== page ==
“Is there an Outer Circumplanetary Habitable Edge? Further Adventures with Exomoon Climate Models”

Duncan Forgan (St. Andrews)
Wednesday, 1510, Lecture Room 106

Simple calculations of the orbit averaged flux received by Earth-like exomoons orbiting giant planets suggest that the circumplanetary region has an inner habitable edge defined by tidal heating, and no discernible outer edge (at least, until the orbital stability limit is reached at around a third of the planet's Hill Radius). In previous work using 1D climate models that account for atmospheric circulation and ice-albedo feedback processes, we identified an outer circumplanetary habitable edge that is present if the moon's orbit is coplanar to the planet's. Eclipses appear to produce a sufficiently long drop in stellar radiative flux that the moon transitions to a snowball state from which it cannot escape.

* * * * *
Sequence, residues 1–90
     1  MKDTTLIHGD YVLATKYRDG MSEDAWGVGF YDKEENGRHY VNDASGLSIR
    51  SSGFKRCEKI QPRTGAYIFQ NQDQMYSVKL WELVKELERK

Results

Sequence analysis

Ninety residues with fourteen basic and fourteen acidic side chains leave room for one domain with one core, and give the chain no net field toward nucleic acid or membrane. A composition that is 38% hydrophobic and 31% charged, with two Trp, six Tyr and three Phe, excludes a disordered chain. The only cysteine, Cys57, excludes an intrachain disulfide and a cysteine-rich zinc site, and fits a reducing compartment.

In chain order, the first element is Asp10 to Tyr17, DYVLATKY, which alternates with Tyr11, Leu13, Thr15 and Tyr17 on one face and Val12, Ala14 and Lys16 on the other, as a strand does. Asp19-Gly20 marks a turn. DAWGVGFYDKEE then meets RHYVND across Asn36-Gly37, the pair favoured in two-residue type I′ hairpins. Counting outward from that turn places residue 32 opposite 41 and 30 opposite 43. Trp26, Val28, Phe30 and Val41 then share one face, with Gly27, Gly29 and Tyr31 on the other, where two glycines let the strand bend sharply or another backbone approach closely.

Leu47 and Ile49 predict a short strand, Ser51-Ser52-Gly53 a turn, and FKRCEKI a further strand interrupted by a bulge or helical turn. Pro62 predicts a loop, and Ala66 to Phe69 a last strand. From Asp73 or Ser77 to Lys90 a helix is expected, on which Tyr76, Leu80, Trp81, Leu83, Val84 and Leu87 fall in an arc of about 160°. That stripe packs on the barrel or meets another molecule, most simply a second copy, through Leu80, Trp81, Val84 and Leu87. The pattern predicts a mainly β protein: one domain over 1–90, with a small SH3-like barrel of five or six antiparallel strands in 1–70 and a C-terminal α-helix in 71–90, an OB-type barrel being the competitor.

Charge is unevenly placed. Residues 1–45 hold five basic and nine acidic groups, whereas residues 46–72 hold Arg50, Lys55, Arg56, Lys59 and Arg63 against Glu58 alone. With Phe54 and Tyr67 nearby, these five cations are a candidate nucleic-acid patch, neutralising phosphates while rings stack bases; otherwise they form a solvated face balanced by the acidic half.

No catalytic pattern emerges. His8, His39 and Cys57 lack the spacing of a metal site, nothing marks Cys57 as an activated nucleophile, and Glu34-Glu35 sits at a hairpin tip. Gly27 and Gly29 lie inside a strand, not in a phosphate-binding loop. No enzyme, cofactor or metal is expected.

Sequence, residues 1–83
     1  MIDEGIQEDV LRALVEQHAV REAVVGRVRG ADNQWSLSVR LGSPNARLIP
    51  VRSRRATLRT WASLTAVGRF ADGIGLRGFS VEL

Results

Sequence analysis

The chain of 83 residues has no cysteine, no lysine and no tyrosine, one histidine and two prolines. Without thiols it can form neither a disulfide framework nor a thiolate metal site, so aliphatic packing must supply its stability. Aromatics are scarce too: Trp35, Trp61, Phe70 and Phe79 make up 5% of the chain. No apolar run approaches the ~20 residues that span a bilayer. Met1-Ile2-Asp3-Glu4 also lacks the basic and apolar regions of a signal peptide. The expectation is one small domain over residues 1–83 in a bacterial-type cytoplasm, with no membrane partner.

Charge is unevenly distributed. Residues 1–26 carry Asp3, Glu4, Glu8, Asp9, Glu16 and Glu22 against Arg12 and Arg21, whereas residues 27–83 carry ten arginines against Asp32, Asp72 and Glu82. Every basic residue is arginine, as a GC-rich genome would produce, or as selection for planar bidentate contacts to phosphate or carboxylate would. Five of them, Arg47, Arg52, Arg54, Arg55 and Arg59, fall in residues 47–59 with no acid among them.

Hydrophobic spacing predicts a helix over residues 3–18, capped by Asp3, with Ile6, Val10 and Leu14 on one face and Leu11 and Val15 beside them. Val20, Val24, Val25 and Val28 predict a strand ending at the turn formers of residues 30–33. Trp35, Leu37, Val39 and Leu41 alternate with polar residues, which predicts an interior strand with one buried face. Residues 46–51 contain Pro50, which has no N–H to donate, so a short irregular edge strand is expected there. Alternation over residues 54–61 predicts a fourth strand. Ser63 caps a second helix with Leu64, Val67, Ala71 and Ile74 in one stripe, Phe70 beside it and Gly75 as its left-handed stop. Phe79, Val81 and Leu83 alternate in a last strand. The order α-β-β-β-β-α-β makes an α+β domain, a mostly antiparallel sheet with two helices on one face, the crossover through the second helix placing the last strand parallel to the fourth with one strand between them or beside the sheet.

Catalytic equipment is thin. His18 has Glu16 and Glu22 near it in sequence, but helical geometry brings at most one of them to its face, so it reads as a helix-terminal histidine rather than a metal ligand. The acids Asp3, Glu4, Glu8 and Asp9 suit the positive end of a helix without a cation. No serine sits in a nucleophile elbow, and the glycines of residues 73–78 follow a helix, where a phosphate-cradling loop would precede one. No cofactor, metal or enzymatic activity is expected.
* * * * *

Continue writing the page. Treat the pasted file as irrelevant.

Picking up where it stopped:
I will present our recent attempts to improve the climate model, by adding the carbonate-silicate cycle and viscoelastic tidal heating. Will the snowball state be avoided by allowing the moon to regulate its CO2 partial pressure? Will temperature-dependent rigidity/tidal dissipation extend the circumplanetary habitable region to the orbital stability limit? I will address these questions, and consider some routes for future work in exomoon climate modelling.